Restricted Contribution: Treatment in books

You will often come across the term ‘restricted contribution’ or ‘restricted net assets’ in balance sheet of nonprofit organizations. Not a very common sight in financial statements of ‘for-profit organizations’.

This article explains meaning and treatment of ‘restricted net assets’ in the books of non-profit organizations.

Meaning:  restricted asset or restricted contribution meaning and accounting treatment

Some donors place restrictions on their contribution. Many donors like to ensure that their contributions are restricted to be used only for specific purposes and/or during a given time frame. The restrictions generally pertain to:

a) Purpose (how/ how not) for which contribution can be used

b) Time (when/when not) after which the contribution can be used.

Some contributions may have both time and purpose restrictions. All such donations create restricted net assets in the books of the organization.

Categories of Restricted Contributions

I) Permanently restricted net assets: Donations in the permanently restricted category are generally meant to provide a permanent source of income for the organization.

Examples of Permanently restricted net assets:

1) Some contributions come with a life long restriction. “Sales of the donated assets are prohibited” is the most common example of ‘permanent restriction’.

2) Donations that can be used only for a certain purpose. For e.g Gifts that require the organization to set up a permanent endowment fund (funds where the principal is to remain intact – expenses are to be borne only out of income from investing the funds) are examples of “restricted contributions”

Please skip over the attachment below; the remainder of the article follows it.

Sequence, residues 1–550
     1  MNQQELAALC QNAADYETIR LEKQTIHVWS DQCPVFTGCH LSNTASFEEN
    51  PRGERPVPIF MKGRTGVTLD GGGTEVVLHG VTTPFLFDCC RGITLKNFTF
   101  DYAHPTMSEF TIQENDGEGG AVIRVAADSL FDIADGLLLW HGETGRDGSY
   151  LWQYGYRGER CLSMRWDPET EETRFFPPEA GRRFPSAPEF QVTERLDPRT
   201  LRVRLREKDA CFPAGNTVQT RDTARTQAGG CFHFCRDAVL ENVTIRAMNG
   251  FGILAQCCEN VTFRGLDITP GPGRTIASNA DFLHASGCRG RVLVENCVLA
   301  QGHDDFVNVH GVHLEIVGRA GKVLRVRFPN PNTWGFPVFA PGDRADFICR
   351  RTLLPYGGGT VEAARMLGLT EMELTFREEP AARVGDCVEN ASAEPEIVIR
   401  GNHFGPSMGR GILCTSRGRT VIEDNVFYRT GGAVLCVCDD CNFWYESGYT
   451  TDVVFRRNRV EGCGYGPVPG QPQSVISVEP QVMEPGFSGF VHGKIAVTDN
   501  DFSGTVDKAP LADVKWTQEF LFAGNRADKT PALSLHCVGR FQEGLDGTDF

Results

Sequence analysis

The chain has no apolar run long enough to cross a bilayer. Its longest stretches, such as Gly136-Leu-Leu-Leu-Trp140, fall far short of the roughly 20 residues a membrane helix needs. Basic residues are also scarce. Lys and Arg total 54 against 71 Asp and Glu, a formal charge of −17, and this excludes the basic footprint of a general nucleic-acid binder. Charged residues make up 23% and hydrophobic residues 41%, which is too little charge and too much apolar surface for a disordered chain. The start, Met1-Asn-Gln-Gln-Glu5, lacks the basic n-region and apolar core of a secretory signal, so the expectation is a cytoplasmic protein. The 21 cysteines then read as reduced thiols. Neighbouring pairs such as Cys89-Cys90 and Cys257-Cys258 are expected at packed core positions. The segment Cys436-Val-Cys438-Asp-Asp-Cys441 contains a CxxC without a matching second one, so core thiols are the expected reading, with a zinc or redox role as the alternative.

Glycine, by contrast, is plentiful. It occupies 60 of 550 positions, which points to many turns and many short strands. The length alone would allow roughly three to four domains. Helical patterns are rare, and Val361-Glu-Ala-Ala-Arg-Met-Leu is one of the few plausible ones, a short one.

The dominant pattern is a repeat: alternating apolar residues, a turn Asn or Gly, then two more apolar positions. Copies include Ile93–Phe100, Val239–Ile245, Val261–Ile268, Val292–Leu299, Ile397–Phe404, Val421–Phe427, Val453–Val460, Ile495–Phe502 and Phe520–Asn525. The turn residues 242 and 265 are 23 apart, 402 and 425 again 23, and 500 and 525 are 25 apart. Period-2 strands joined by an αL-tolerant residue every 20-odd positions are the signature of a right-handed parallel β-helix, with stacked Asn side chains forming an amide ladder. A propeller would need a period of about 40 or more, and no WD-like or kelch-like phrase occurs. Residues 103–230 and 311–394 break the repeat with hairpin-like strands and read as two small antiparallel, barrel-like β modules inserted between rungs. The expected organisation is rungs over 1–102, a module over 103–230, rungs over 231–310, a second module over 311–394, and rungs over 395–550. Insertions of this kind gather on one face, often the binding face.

2)  Temporary restricted net assets: Restrictions which become inapplicable upon completion of certain time or upon happening of certain events are called Temporary restricted net assets. For example, your donor may require you to use the contributions only to support a specific program, or invest it for a specific term, or allow it usage at a designated future time. Term endowments are the most common kind of temporary restricted contribution

3) Unrestricted net contribution: Unrestricted net contribution refer to those net assets which either have no restrictions or those where the restrictions have been met. It has no pre-imposed terms and can be deployed into anything that the organization wants.

Some organizations put self-imposed restrictions on contributions received from certain category of donors. Such contributions are called ‘board-designated contributions’ or ‘designated unrestricted contributions’. All designated unrestricted contributions must be disclosed in the notes to financial statements.

Restricted Assets: Treatment in books 

It is the responsibility of the members of the organization to honor the terms under which a donation has been made.

If a nonprofit organization receives restricted contributions, it should be NOT be classified with cash or other unrestricted assets. Restricted assets must not be mixed with unrestricted asset as it would give a false picture of the financial position of the organization.

Further, all restricted contributions must be reported in the statement of financial position under a separate heading titled ‘restricted assets’. Descriptive information about each restricted contribution must be included as notes to the financial statements.